Thursday, 14 April 2016


War is no game. War leaves a mark. Eric Lomax, like many other surviving soldiers,  lived haunted by his war memories all his life through, as if war never actually ended in his mind and his heart. The Railway Man, based on Lomax’s autobiography,  came out in September 2014  here in Italy as “Le due vie del destino”, but it had opened theatrically on New Year’s Day in the UK and, in the US,   in April 2014.
Eric Lomax (30 May 1919 - 8 October 2012) was one of thousands of Allied prisoners of war forced to work on the construction of the Thai/Burma railway during WW2. Fate wanted he, a train and railway enthusiast, to be part of the army of enslaved prisoners the Japanese employed for their ambitious plan. His experiences, after the secret radio he built to bring news and hope to his mates was discovered, the inhuman tortures he was subjected to,  and which left  him traumatised and shut off from the world, are the main interest of this movie. Water-boarding and savage beating didn’t make Lomax surrender or lose his will to live. Years later, with his life still affected by that huge amount of suffering and consequent hatred, he met Patti (Nicole Kidman), a beautiful woman, on a train and fell in love. Once they get married  and Patti becomes acquainted with Eric’s nightmares and terrifyingly weird moments, she  is determined to rid him of his demons.
One day they discover  that the young Japanese officer who tortured him is still alive and Eric decides that it is time to meet him again.

It is a powerful, gripping movie which moves fast between past and present with the clear intent to convey the idea that they are inseparable in the mind of the protagonist. Young Eric,  bravely facing the horrors of WWII,  is played by a touching Jeremy Irvine,  while  aging Eric,  still traumatised by what he survived,  is an impeccable Colin Firth. 
Firth  interpreted a similar role in the 80s, he was Tom Birkin,  a shell-shocked veteran from WWI in A Month in the Country. In a press conference for The Railway Man, he admitted that meeting Eric Lomax in real life and having him on set while shooting, gave to the fact  he was entrasted this role, a huge emotional charge which will resonate with him for a long time. Not an easy role - he added. Where can someone like me find all that pain and all that suffering inside himself? Impossible to relate to personal experience in this case. 

The book certainly gives a more detailed account of what really happened to Eric Lomax. But the movie too, with its limitations in time and space, gives away so much and so well.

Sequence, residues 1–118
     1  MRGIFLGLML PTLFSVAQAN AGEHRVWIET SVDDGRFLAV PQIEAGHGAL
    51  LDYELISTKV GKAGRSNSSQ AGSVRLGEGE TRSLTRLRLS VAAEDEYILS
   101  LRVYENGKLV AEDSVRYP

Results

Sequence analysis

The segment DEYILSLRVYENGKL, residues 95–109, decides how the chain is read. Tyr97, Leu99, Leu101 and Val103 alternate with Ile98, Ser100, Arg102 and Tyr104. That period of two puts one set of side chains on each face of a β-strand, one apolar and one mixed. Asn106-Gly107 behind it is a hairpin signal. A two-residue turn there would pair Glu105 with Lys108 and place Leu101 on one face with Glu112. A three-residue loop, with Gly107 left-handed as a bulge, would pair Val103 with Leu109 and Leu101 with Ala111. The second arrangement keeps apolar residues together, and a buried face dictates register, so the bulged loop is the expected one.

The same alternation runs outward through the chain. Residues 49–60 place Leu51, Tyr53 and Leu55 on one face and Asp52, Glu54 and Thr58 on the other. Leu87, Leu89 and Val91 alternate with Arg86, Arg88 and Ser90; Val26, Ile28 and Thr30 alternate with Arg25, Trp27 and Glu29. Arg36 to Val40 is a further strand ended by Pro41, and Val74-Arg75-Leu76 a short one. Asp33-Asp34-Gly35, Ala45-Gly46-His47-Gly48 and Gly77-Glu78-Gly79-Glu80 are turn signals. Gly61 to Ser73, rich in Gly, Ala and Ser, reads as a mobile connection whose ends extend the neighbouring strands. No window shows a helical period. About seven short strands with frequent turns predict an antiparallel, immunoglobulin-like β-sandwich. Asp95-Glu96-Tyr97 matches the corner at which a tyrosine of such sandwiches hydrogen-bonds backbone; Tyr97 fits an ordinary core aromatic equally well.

Eric Lomax’s story is not only the analysis of the effects of brutality and torture on the human mind, but his personal journey from hate to forgiveness,  which surprisingly brought him to meet again, and eventually to befriend,  his torturer. 

The scenes in which Eric comes face to face with Takashi Nagase, the man who tortured him during the war,  are so beautifully delivered by Colin Firth and  Hiroyuki Sanada , and they are so  intense and so incredibly emotional  that you can’t easily forget them. (you can see clips HERE and HERE)

Two are the treasurable lessons you will particularly remember from this movie:

1. "When we surrendered,  the Jap said we weren't men. 'real men would die of shame.'“ , Eric remembers.  But to him,  broken but never defeated,  life is always worth living as the supreme, inalienable value. Not in one moment he sees death as an escape. This is something his antagonist,  Nagase,  says he learnt from the young man he tortured.  

2.  Almost at the end of the movie, Eric says:  “Sometimes the hating has to stop and the     extraordinary lesson here is not just forgiveness,  but, unexpectedly,  even sympathy and friendship  addressed to a person once deeply hated. 

 Eric Lomax is not a fictional character. He was a real man. A man from which so many can learn so much. 

What did Eric Lomax suffer from? 
Post Traumatic Stress Disorder (PTSD) is an anxiety disorder that may occur after an individual has experienced a traumatic event. Symptoms include:

·        -  Nightmares
·      -    Reliving the experience
·        -  Hypervigilance
·         - Feeling distant from friends and family
     PTSD is one of the most frequent war related illnesses.

(This post includes parts of my review previously posted at FLY HIGH!)

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